As more schoolchildren come forward with allegations of sexual abuse, and lawsuits begin to mount, the question on everyone’s mind is why 61-year-old Miramonte Elementary School teacher Mark Berndt wasn’t arrested earlier. What is more clear, however, is that the Los Angeles Unified School District faces a day of reckoning not unlike what happened with the Roman Catholic Archdiocese in Los Angeles.
Assuming the horrific allegations are true, “they face massive litigation and there will be a settlement for many victims, and that is a foregone conclusion,” said John E.B. Myers, a professor at Pacific McGeorge School of Law in Sacramento, who studies abuse cases. “It is similar to the Catholic Church.”
The church sexual-abuse scandal destroyed the reputation of Los Angeles Cardinal Roger Mahoney and led to the largest civil settlement by any archdiocese—an astounding $660 million in 2007. Myers estimates that the second-largest school district in the nation could also wind up paying out millions to Berndt’s alleged victims.
Law-enforcement officials say Berndt made his young charges pose for photographs in which they were blindfolded, bound, and sometimes gagged, and then fed spoonfuls of semen and cookies laced with semen as part of a twisted ritual he called a “tasting game.”
In other instances, he allegedly placed gargantuan Madagascar cockroaches on their faces, and even sent some of the twisted photographs home with his students. Yesterday, another 200 photographs of students allegedly taken by Berndt were found at a pharmacy where he processed his film, and detectives are looking for about 25 more kids shown in the pictures. The original batch of 400 photographs discovered by detectives included around 175 children.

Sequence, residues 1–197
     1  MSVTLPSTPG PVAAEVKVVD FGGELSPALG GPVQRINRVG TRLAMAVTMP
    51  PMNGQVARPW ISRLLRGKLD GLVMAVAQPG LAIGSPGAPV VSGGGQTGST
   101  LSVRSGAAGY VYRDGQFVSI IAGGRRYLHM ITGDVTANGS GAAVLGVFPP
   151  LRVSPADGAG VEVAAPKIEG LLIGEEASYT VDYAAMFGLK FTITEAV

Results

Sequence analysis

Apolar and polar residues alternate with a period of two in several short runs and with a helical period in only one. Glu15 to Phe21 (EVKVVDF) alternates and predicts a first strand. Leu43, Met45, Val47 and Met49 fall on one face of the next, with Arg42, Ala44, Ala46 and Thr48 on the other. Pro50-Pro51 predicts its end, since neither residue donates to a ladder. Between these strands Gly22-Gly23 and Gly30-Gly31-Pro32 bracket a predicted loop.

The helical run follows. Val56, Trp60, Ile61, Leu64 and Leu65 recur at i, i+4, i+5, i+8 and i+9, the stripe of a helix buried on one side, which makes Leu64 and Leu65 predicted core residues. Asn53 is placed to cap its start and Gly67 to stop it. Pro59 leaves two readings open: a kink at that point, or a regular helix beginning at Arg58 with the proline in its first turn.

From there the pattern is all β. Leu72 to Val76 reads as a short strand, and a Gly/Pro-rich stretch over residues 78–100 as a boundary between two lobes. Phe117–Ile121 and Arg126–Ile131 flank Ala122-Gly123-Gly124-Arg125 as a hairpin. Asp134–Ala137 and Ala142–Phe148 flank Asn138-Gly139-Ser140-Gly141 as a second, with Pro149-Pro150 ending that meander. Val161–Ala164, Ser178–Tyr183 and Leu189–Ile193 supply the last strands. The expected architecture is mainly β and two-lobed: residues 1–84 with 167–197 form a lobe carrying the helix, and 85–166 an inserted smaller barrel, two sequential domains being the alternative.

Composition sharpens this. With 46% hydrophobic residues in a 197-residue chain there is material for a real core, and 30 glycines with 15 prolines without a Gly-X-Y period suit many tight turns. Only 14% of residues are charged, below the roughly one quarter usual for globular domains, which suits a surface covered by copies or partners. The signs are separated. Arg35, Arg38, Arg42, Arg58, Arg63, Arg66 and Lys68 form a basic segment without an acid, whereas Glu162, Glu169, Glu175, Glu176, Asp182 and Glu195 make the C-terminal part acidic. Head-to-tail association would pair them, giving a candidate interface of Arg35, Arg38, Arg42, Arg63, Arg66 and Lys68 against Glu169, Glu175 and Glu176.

Berndt worked for more than three decades at Miramonte, one of the nation’s largest elementary schools, with about 1,500 students, located in a lower-income neighborhood in South L.A. He was arrested on Jan. 31 at his apartment in Torrance and charged with 23 counts of committing lewd acts on nearly two dozen elementary-school children between 2005 and 2011. Berndt’s public defender, Elizabeth Braunstein, had no comment.
Not surprisingly, the lawsuits are already piling up. On Monday, one of Berndt’s alleged victims filed a $15 million suit against the school district, claiming negligence and violations of the girl’s civil rights. The lawsuit contends that the district ignored earlier reports of Berndt’s alleged behavior, and its lack of oversight allowed the girl to become his victim. By Tuesday, three more lawsuits had been filed on behalf of three female students; those suits allege intentional infliction of emotional distress, negligence, sexual battery, and assault. One of the lawsuits claims that Berndt gave one of the victims a CD of songs he made for her.
“The case is going to become nasty,” said defense attorney Luis A. Carrillo, who is currently representing nine alleged victims of Berndt. He believes the number of children who come forward with allegations against Berndt will skyrocket. “We are just seeing the tip of the iceberg,” he said. “I expect the number of victims to be over 100.”
Similar to what happened with the Catholic Church abuse scandal, the travails at Miramonte have become a Pandora’s box that can’t be shut. On Tuesday, 49-year-old Miramonte teacher Martin Springer was charged with three counts of lewd acts upon a child over a three-month period in 2009. The school district and police are also looking into a former female teacher’s aide who allegedly sent a love letter to a fourth grader in 2009. And there are reports that a third-grade teacher, who is also female, may have aided and abetted Berndt by supplying him with cute girls from her class.